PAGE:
Digestive disorders are very common throughout the world. While many of these disorders are widespread and well-known, there are many more that you probably haven’t heard of.
If you want to find out about these digestive disorders, keep reading! There’s plenty to find out, and you might even be surprised by a few things.
Digestive Disorders: Types and Treatment
A digestive order is a condition that happens when the digestive system isn’t working as it should be. It is an umbrella term, and there are many digestive orders that people suffer from across the globe.
These disorders are put into two categories – organic and functional disorders.
Organic disorders happen when there are abnormalities in the structure of the digestive system, which prevent it from working properly.
Functional disorders, on the other hand, are disorders that occur when there appear to be no anomalies in the digestive system, yet there’s still an issue.
Irritable Bowel Syndrome
What it is: irritable bowel syndrome, or IBS, is a common digestive disorder that impacts the large intestine. Someone with IBS might experience a number of unpleasant symptoms, including diarrhea, bloating, and constipation.
The cause for this condition is largely unknown, but it has been linked to intense stress, an overly sensitive stomach, family history, and food passing either too slowly or quickly.
- Abdominal pain
- White mucus in the stool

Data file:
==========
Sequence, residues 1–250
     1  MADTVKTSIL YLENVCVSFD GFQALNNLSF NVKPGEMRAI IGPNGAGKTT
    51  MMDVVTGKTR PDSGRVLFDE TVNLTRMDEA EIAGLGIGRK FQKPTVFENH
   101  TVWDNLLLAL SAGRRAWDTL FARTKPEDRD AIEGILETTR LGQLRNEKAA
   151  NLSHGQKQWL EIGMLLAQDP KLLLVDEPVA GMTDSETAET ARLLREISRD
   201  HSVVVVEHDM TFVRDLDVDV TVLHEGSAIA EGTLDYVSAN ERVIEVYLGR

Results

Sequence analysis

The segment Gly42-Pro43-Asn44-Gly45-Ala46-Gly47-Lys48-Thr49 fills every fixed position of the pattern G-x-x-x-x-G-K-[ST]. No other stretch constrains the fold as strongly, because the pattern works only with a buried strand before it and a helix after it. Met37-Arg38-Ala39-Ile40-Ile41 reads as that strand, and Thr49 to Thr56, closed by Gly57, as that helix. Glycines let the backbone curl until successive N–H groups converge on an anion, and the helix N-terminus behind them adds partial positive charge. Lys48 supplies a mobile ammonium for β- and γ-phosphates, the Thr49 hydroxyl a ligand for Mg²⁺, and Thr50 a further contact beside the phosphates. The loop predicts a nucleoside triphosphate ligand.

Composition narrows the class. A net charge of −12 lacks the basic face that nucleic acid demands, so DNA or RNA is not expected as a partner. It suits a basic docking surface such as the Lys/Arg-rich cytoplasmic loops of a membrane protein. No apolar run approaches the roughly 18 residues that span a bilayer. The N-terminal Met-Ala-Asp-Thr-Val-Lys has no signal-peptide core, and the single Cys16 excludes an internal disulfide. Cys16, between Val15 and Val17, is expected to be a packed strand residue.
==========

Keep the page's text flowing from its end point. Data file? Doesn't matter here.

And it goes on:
- Incomplete bowel movements
Treatment includes: treatment will include discovering and addressing any underlying conditions, reducing stress, or making changes to the diet.
When to see a doctor: if you experience severe cramps or abdominal pain, or current symptoms get worse.
Small Intestinal Bacterial Overgrowth
What it is: small intestinal bacterial overgrowth, or SIBO, is a digestive issue that is brought on when the bacteria in the large intestine travel to the small intestine.
This is a relatively common issue, and can cause a number of unpleasant symptoms for anyone who experiences it.
Treatment includes: to treat small intestinal bacterial overgrowth, a course of antibiotics will need to be taken. However, other medications could also be prescribed to the patient to aid in digestion or address any underlying issues there may be.
When to see a doctor: if you think you are having SIBO symptoms, you should make an appointment with your doctor as soon as possible.
From there, your medical practitioner will be able to advise you on any lifestyle changes or medications you should take.
If you have a SIBO diagnosis, you should seek medical attention if symptoms become worse, or if treatment plans no longer work.
Gastroesophageal Reflux Disease
What it is: gastroesophageal reflux disease, or GERD, is a condition where the contents of a person’s stomach come back up through the esophagus.
When this happens frequently and noted as a long-term condition, it can have unpleasant side effects and symptoms.